Red Sox

Ziegler, Red Sox time reliever's arrival just about right


Ziegler, Red Sox time reliever's arrival just about right

BOSTON -- Although he won’t be available for the 4:05 start Saturday, the Red Sox new reliever Brad Ziegler is coming to Boston at just the right time, with Craig Kimbrel expected to be out for at least three to six weeks.

While it appears that the trade that happened late Friday/early Saturday via a text with Arizona Diamondbacks GM Dave Stewart was a result of Kimbrel’s tear in the medial meniscus in his left knee, Red Sox president of baseball operations Dave Dombrowski explained that the timing just worked out favorably.

“We’ve been working on this for a while, it just so happened it happened yesterday,” Dombrowski said.

In fact, Boston had eyed the sidearming Ziegler to fill in for the set-up role they’d initially intended for Carson Smith.

“[He] gives us a little more depth -- somebody that we really like that we can depend upon,” Dombrowski said.

“Ziegler’s an established big-league pitcher at the back end of the pen. He’s a different-look guy for us. He’s a guy that doesn’t throw hard, but he’ a ground ball machine. Great make-up.”

The role for Ziegler (18 saves, 2.82 ERA for Arizona) has obviously changed with the injury to Boston’s closer and he’ll now slip in with the aging Koji Uehara, 41, as the interim closers.

But the Red Sox' newest addition to the disabled list thinks the righty can handle the job.

“With the addition last night [of Ziegler] that’s huge,” Kimbrel said following the announcement of his injury. “He’s done a great job over his career of getting guys out -- especially with the sinkerball that he throws. Having him in the bullpen is going to be huge for us.”

The deal also reunites two ex-Diamondbacks, Ziegler and infielder Aaron Hill -- who was acquired from the Milwaukee Brewers on Thursday.

Hill had nothing but praise for his old teammate and is excited to play behind him again.

“He adds a lot of value,” Hill said. “With any bullpen he adds a lot of value just with what he brings to the table . . . It’s never a comfortable at-bat [against Ziegler].”

Red Sox minor leaguer Oscar Hernandez suspended for second positive drug test

Red Sox minor leaguer Oscar Hernandez suspended for second positive drug test

Red Sox minor league catcher Oscar Hernandez has been handed a 50-game suspension for a second positive test for a drug of abuse, our own Evan Drellich reports.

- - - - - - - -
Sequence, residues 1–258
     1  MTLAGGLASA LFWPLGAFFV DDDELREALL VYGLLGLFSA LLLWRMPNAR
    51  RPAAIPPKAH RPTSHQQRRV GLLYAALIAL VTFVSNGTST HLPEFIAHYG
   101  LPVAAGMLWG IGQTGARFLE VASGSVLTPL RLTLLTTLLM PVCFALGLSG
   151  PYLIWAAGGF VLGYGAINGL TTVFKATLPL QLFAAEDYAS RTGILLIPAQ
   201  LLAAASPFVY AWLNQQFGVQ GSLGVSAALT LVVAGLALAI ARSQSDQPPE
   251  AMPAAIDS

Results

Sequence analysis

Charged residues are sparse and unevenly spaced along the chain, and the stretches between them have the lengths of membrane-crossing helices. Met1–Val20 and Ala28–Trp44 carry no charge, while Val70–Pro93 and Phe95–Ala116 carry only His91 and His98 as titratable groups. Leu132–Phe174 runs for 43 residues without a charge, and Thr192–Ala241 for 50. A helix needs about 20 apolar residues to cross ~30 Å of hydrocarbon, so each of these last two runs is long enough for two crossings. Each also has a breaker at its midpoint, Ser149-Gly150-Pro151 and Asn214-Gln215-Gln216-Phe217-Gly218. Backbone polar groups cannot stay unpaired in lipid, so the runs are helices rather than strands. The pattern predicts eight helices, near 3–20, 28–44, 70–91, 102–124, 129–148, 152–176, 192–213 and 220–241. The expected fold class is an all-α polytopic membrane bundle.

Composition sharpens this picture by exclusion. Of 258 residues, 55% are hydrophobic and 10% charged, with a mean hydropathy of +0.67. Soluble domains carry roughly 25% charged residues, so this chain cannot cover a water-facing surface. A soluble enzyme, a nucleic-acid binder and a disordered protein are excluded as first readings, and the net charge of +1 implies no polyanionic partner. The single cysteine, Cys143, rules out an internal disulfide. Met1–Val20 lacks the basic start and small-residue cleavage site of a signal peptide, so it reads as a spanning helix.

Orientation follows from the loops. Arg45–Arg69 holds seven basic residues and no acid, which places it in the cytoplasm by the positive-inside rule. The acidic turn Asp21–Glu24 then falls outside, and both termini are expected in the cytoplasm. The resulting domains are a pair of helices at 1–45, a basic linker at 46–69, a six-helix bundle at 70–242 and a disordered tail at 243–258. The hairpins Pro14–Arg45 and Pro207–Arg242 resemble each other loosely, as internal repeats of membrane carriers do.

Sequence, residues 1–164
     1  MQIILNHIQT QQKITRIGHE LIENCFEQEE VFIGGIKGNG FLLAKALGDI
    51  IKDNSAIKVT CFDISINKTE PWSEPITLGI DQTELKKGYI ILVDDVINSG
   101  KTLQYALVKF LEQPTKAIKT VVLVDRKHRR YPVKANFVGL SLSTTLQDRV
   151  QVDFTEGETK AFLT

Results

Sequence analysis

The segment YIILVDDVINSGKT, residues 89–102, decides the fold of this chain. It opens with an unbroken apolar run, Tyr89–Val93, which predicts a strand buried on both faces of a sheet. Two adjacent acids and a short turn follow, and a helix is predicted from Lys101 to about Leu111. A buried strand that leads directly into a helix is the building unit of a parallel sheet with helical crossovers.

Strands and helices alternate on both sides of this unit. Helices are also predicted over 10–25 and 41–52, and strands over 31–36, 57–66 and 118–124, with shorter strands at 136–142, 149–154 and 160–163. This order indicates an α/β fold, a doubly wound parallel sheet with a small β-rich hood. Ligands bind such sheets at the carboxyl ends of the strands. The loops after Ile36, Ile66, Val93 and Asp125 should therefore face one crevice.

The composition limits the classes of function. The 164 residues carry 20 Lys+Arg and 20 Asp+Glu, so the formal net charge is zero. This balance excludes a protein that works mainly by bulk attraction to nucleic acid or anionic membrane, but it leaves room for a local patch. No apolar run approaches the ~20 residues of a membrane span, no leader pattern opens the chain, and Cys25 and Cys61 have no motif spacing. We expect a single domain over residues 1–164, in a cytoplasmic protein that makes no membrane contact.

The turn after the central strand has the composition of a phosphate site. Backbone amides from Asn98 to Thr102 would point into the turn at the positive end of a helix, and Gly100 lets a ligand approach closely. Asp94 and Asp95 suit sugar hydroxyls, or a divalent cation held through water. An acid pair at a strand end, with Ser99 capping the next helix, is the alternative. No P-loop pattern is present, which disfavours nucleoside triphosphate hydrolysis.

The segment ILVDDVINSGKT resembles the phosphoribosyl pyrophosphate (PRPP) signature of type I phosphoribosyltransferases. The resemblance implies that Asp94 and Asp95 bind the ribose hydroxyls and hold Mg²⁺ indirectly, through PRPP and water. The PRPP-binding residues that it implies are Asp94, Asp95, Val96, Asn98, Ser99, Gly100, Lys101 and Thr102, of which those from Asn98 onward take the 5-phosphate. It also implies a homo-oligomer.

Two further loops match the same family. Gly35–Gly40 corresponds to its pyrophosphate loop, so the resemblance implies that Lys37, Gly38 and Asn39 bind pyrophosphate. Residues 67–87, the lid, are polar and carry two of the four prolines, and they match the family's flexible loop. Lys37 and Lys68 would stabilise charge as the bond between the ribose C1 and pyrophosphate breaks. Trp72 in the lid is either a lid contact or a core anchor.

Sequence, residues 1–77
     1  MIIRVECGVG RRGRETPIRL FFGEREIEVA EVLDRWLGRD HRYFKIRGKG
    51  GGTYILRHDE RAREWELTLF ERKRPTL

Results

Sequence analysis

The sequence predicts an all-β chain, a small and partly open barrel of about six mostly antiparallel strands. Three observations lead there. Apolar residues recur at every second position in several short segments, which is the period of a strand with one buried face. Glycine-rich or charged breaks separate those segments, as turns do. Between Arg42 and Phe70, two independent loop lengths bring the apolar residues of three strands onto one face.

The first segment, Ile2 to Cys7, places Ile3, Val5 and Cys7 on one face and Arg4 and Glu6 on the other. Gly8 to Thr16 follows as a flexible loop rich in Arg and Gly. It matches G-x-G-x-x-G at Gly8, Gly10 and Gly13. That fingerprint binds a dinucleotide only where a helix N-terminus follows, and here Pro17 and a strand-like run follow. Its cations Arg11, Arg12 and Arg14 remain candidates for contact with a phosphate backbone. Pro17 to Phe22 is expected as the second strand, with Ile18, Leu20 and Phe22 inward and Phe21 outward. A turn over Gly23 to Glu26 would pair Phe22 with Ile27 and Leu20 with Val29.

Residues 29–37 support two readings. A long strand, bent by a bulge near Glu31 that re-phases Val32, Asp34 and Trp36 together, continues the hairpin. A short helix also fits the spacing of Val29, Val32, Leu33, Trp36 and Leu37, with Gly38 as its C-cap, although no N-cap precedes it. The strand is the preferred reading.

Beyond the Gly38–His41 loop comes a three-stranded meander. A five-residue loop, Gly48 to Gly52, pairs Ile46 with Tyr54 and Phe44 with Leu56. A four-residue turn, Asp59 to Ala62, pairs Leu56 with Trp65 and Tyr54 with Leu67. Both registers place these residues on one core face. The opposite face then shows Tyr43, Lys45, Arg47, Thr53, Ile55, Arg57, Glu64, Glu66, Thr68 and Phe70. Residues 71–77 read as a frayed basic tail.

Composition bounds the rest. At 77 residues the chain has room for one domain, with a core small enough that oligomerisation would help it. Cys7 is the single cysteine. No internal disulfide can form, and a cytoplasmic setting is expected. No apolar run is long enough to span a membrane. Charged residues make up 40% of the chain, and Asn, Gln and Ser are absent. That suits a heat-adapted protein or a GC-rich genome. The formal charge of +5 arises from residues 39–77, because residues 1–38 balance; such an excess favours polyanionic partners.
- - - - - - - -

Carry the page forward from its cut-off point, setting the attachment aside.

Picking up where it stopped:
Hernandez signed a minor league deal with the Red Sox in January and currently is on the Triple-A Pawtucket roster. The 24-year-old will be able to return in late May.





Wright suspended 15 games for violation of domestic-violence policy

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Wright suspended 15 games for violation of domestic-violence policy

Red Sox pitcher Steven Wright will be suspended 15 games for violating MLB’s domestic violence policy, NBC Sports Boston has learned. The league is set to make the announcement Friday.

Wright, working his way back from right knee surgery, has to serve the suspension when healthy. Potential time on the disabled list to begin the season would not count. Wright is not expected to appeal.

Wright was arrested at his Tennessee home in December following an incident involving his wife, Shannon. Wright was charged with domestic assault and preventing a 911 call, which are misdemeanors in Tennessee, and released on a $2,500 bond.

The case in December was retired by the Williamson County courthouse. If Wright commits no other offenses for a 12-month span, the charges are expected to be dropped.

Fifteen games matches the lowest suspension MLB has given out in relation to a domestic violence case since the league and players union agreed to a policy in 2015. Mets pitcher Jeurys Familia was suspended 15 games in March 2017.

"It's a situation that, it sucks not only for me, but for my family, for the team," Wright told reporters in Florida on Thursday. "But I try not to think about it. When MLB comes out with their discipline, or if there's going to be discipline or not, it's just going to go from there."

Wright said this spring that he did not harm his wife.

“We’ve been going to counseling. We’ve been working through it,” Wright said. “We’ve been trying to do as much as we can to put it past us, but it’s hard. Because MLB is doing their investigation and it’s in the limelight. It’s really hard on a personal level to get past something that’s constantly being thrown at you. But I did it to myself. It’s one of those things that I’ve got to live with the consequences that came from my actions that night.”